Two other observations could be made about the crowd: 1) it was too white and 2) there were no chicks. In America, chicks are protest canaries. You can tell just how authentic a political rally is by the number of attractive women that attend. If you’re gonna build a mass movement against anything, there’s no way of getting around the chick factor. The only cute girl, a perky, tall blond, appeared later. (Looking at her picture now, she does not seem cute at all. But that just goes to show how bad the situation really was. This teabagging wasn’t for pleasure.) But she was on the job, working for some conservative TV station called Freedom Talk or Freedom Now. Judging by the name, it was connected to FreedomWorks, and she was obviously connected to Katz, chatting him up like they were friends at the end of the show.
It was now 9:35 am and Katz was finishing, right on schedule. He invited people to throw their tea bags into a pot of water (throwing tea bags into the ocean would be littering and illegal) and yell out their anti-tax demands. The whole thing was pathetic and over very quickly, thankfully.
It was a total sham, a front in order to get TV facetime. It worked, too. FOX news sent a camera crew. So did NBC. Koch was teabagging the media, and the media loved it.
I had a little plan to toy with Katz and test his reaction, so as I milled around, waiting for him to finish his interviews, I tried interacting with the participants. It wasn’t easy. These people didn’t have much to say. The Young Republican cadre weren’t very chatty, answering in short, two- or three-word bursts. If you’ve ever been to a real protest, you know how open and forthcoming people are. They have to be to recruit. Most of the extras were useless, too, either senile or insane, or both. One woman was recruiting for a Republican club in West Los Angeles. But she had no idea what was going on. “Santelli? I don’t know. Do we support him? How did he vote on the Stimulus?” There was a fat Latino gay guy in a custom t-shirt showing Obama as a pirate. “I just think that protesting is a great, very important thing to do,” he said. He was one of those protest whores; he was against just about everything — Obama, Taxes, Iraq, Afghanistan, etc. — but somehow remained real upbeat and chipper.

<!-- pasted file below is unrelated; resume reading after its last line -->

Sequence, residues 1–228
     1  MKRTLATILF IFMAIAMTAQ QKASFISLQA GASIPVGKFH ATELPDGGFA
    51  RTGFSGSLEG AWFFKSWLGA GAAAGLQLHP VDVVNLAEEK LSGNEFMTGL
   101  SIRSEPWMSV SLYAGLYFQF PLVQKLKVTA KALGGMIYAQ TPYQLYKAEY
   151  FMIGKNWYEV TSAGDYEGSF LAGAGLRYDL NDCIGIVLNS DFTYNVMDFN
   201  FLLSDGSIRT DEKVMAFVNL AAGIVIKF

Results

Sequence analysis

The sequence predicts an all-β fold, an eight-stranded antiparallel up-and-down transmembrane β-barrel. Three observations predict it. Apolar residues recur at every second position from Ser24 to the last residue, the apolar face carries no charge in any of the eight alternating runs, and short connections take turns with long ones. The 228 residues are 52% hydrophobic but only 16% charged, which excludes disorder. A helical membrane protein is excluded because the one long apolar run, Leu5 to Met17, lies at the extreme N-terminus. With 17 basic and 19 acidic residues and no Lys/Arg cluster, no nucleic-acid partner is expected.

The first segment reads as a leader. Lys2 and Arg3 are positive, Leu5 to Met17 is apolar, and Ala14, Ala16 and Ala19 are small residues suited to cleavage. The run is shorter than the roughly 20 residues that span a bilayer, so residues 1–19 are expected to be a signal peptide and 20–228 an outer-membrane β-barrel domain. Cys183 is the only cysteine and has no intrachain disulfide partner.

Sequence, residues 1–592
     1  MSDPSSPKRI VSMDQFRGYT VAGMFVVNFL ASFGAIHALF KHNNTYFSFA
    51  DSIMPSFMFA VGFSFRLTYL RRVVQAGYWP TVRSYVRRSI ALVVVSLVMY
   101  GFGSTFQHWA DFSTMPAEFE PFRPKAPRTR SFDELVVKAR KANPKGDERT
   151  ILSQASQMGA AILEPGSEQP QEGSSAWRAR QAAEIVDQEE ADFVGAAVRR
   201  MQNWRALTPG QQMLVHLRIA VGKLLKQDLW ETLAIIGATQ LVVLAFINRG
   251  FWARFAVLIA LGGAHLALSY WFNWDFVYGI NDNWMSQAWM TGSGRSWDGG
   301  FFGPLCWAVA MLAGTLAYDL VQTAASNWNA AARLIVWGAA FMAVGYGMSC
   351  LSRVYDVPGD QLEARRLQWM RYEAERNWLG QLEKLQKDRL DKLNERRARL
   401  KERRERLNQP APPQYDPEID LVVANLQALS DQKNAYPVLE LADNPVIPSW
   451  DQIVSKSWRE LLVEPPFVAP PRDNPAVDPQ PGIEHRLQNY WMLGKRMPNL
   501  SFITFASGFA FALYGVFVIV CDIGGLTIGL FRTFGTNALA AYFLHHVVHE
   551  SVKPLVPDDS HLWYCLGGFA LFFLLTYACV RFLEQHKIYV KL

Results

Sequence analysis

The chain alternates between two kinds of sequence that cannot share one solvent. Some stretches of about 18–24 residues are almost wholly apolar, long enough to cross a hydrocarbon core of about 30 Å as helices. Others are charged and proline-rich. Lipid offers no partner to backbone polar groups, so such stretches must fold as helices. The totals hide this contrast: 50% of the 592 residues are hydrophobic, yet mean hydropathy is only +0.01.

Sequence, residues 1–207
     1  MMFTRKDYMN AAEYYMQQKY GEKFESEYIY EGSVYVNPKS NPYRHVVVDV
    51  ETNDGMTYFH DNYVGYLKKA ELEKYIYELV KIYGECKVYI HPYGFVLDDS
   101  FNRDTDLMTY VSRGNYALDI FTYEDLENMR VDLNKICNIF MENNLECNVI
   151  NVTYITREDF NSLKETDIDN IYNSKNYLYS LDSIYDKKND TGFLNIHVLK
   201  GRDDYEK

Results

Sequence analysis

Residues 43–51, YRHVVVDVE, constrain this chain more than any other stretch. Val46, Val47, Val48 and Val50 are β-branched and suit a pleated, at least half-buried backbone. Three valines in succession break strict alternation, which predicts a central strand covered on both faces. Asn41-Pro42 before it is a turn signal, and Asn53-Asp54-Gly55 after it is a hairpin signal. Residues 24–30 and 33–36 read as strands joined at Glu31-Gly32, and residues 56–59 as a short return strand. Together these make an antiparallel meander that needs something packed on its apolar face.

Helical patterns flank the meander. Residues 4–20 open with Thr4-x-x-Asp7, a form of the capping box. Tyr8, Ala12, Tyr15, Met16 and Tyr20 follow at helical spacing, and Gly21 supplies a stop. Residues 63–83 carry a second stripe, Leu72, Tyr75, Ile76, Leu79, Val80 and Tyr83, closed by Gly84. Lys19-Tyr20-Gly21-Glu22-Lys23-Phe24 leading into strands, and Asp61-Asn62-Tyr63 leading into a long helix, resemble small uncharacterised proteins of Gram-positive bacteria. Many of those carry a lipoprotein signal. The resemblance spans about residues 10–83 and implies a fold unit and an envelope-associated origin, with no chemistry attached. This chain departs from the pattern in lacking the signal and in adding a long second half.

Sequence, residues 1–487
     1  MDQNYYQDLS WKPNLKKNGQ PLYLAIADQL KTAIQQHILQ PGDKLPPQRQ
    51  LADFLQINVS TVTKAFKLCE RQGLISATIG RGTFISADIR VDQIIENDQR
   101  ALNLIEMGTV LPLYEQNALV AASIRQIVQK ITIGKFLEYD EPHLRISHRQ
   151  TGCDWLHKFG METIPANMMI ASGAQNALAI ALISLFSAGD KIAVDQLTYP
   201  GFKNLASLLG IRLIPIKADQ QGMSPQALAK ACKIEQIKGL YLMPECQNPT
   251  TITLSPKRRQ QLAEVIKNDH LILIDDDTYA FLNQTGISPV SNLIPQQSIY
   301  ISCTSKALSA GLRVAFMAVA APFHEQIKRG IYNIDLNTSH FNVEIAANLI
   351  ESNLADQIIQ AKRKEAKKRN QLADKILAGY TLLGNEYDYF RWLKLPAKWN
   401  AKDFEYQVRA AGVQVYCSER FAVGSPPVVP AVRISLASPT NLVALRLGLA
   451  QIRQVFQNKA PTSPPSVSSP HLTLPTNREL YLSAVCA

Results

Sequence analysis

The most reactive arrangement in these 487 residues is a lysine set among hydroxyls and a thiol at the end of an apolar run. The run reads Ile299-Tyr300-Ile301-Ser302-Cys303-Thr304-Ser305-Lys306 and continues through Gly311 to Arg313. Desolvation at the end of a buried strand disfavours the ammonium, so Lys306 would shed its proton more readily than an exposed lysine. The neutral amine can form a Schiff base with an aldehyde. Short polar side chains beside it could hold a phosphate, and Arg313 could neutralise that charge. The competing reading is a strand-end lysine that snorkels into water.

As soon as NBC finished their interview with Katz, I came up and introduced myself. I wanted to see how he’d respond if I started throwing around FreedomWorks. Would he deny the connection? Pretend like he didn’t know what I was talking about? Embrace me as a brother? Doubtful. Sure, this event was all about populism, but I didn’t fit into the whole scene. My punk-esque leather jacket and shaved head didn’t fit in among the polo shirts, Stanford baseball caps and sportscoats. I just don’t own anything that resembles their semi-casual staffer attire.
“Hey, I just want you to know that my brother works for FreedomWorks in Washington. We’re not close, but I spoke to him on the phone last night and he told me about what you guys are doing. I just want you to know I respect and support you 100%.”
Katz paused for a second, his smile tightening, shrinking almost imperceptibly. And then he just ignored the question, shifting his attention to a dweeby Republican who came up to introduce himself. Apparently these two had been communicating via Twitter for some time, but had never met in real life. I hung around to try to push Katz some more, but he obviously smelled me out. I never even got his business card, which he was giving away to everyone else. Instead, I was instructed to go to their Twitter page. It wasn’t much of a recruitment effort. But then, when your whole movement is a fake, you don’t need to worry about recruitment. All you need to do is lure the sucker-media’s TV cameras to the pier for a few minutes.